The college basketball world was rocked more than a year ago, when it was revealed that the FBI was in the midst of a lengthy probe into the sport. Namely, the FBI was looking into allegations of a pay-for-play scandal that involved sneaker companies, agents, and major college basketball programs.
When it comes to the various legal battles that popped up in the wake of the scandal, the first major shoe dropped on Wednesday afternoon. The trial focusing on James Gatto, Merl Code, and Christian Dawkins came to an end, with all three being found guilty on felony charges of wire fraud and conspiracy to commit wire fraud. Gatto and Code both worked for adidas in different capacities, while Dawkins worked for former NBA agent Andy Miller.
Gatto was found guilty on three charges, while Code and Dawkins were each found guilty of two. They won’t be sentenced until March 5, but per ESPN, the trio might face 2-4 years in federal prison.
The college hoops programs that were identified in the trial were three of the biggest adidas schools in the sport: Kansas, Louisville, and N.C. State. ESPN has more details on the specifics of what went down in court.
Among other allegations, the men were accused of conspiring to pay $100,000 from Adidas to Brian “Tugs” Bowen’s father to influence him to sign with Louisville in the summer of 2017.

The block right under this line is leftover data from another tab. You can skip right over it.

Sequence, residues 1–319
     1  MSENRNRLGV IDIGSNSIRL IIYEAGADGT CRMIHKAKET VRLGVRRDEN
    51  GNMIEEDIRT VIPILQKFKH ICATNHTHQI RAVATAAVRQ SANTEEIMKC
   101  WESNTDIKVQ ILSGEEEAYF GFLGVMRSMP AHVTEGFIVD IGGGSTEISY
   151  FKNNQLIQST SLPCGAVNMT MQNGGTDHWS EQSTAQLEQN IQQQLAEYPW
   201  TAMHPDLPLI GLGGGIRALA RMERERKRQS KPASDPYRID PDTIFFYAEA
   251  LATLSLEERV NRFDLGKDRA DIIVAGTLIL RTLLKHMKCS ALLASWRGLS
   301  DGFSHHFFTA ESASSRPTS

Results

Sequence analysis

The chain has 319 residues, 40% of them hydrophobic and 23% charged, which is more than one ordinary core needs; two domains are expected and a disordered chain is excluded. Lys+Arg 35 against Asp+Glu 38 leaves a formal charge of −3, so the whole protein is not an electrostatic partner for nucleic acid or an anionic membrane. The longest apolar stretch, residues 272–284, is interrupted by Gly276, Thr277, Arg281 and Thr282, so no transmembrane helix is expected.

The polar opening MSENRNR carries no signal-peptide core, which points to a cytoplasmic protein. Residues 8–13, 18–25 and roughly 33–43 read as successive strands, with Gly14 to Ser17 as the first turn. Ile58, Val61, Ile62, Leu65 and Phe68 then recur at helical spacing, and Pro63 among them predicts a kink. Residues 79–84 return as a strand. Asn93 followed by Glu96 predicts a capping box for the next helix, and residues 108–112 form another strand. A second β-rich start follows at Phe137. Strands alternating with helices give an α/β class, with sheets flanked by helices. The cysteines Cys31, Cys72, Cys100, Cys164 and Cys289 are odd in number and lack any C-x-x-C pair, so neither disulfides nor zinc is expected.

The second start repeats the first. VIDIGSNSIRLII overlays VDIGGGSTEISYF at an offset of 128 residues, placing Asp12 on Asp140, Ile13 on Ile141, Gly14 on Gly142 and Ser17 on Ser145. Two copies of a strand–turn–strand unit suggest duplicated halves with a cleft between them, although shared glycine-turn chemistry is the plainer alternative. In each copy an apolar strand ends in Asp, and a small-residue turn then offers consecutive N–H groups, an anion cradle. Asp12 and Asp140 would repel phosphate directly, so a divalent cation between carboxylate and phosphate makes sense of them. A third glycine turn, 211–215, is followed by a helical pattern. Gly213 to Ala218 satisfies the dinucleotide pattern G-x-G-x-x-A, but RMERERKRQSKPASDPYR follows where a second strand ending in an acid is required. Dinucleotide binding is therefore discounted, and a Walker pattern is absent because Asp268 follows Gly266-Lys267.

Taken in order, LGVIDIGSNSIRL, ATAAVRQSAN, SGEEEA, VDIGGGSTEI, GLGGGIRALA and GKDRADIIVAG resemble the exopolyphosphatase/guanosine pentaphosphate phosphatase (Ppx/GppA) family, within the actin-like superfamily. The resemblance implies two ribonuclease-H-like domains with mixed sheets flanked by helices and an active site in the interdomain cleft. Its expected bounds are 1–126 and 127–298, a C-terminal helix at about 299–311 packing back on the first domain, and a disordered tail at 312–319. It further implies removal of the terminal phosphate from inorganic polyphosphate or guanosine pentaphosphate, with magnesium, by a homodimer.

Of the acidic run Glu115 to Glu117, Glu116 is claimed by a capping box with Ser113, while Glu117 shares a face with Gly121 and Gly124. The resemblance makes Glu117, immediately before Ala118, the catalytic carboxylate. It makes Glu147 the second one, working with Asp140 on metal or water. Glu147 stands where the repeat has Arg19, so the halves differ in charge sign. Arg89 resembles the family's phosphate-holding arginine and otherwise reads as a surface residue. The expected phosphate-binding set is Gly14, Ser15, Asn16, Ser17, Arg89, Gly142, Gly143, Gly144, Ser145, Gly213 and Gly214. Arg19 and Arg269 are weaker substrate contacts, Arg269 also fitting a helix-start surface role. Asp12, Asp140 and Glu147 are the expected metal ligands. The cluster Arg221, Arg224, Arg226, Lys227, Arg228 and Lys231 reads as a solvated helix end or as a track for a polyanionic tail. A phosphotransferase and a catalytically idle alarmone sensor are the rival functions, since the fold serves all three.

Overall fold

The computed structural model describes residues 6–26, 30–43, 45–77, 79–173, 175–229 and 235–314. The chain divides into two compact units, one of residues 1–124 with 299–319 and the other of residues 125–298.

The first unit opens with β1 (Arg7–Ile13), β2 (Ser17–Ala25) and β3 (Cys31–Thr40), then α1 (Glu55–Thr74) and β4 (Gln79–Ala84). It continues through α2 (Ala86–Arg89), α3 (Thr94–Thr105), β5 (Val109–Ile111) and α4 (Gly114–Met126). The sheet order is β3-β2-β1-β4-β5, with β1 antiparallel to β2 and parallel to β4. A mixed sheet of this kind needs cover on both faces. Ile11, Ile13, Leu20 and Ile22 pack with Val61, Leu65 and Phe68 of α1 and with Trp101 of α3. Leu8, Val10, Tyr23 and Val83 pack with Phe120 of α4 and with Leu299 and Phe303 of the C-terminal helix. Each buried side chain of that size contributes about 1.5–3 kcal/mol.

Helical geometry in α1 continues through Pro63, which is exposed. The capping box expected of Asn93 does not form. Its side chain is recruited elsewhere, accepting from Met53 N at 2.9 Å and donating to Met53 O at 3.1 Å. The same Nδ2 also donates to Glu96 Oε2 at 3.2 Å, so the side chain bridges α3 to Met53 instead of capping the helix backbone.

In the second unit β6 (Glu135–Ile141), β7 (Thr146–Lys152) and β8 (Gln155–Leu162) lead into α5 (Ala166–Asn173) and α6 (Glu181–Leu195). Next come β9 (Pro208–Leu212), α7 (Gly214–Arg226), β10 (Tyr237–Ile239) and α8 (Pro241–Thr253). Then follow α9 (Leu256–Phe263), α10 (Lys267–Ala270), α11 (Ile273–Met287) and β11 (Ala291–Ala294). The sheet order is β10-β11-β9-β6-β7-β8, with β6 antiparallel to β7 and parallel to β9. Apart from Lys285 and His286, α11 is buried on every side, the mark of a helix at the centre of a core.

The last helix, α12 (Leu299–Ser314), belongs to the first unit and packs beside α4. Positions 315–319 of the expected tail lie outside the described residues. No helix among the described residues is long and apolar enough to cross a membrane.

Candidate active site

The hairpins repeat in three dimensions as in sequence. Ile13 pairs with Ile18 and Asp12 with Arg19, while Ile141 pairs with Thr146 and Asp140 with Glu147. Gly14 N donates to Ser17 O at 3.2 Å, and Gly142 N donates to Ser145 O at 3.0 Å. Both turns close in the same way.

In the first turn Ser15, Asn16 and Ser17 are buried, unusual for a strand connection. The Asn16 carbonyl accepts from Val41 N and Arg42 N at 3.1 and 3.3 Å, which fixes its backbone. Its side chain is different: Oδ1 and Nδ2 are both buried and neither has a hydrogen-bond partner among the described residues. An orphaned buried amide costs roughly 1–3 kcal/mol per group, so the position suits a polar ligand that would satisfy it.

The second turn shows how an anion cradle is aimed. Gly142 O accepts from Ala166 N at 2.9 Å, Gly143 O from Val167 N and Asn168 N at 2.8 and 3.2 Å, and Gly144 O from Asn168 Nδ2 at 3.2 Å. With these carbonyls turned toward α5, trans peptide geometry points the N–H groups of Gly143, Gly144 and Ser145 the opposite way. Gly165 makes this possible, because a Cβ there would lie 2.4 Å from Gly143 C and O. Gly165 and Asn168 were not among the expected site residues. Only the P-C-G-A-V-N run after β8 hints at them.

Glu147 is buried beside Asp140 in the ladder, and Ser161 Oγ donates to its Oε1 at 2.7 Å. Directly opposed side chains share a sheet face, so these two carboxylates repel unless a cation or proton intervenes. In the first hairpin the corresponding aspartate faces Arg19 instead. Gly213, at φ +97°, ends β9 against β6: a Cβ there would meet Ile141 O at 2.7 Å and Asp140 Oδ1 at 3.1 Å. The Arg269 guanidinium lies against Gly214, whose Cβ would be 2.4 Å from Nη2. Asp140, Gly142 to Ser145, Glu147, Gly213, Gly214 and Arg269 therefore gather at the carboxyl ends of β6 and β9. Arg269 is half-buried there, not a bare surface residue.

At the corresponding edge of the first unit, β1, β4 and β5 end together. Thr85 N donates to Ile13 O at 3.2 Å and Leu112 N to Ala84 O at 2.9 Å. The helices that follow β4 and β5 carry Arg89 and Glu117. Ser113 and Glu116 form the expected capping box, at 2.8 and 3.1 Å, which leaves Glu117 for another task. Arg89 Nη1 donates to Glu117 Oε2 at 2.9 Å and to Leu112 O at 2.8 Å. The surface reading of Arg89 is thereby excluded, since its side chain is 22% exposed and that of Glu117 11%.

Gatto, the sneaker company’s director of global sports marketing for basketball, also was accused of conspiring with former Adidas consultant T.J. Gassnola to pay $90,000 to former Kansas prospect Billy Preston’s mother and $20,000 to current Jayhawks player Silvio De Sousa’s guardian.
As for N.C. State, the trial revealed that Gassnola gave a former assistant $40,000 to “secure the commitment” of current Mavericks guard Dennis Smith Jr. Despite this trial coming to an end, there are still more on the horizon: Former Auburn assistant coach Chuck Pearson and former NBA referee Rashan Michel are slated to stand trial in February, and one month later, Code and Dawkins will be joined as defendants in a separate case by former Arizona assistant Emanuel Richardson, former Oklahoma State assistant Lamont Evans, and former USC assistant Tony Bland.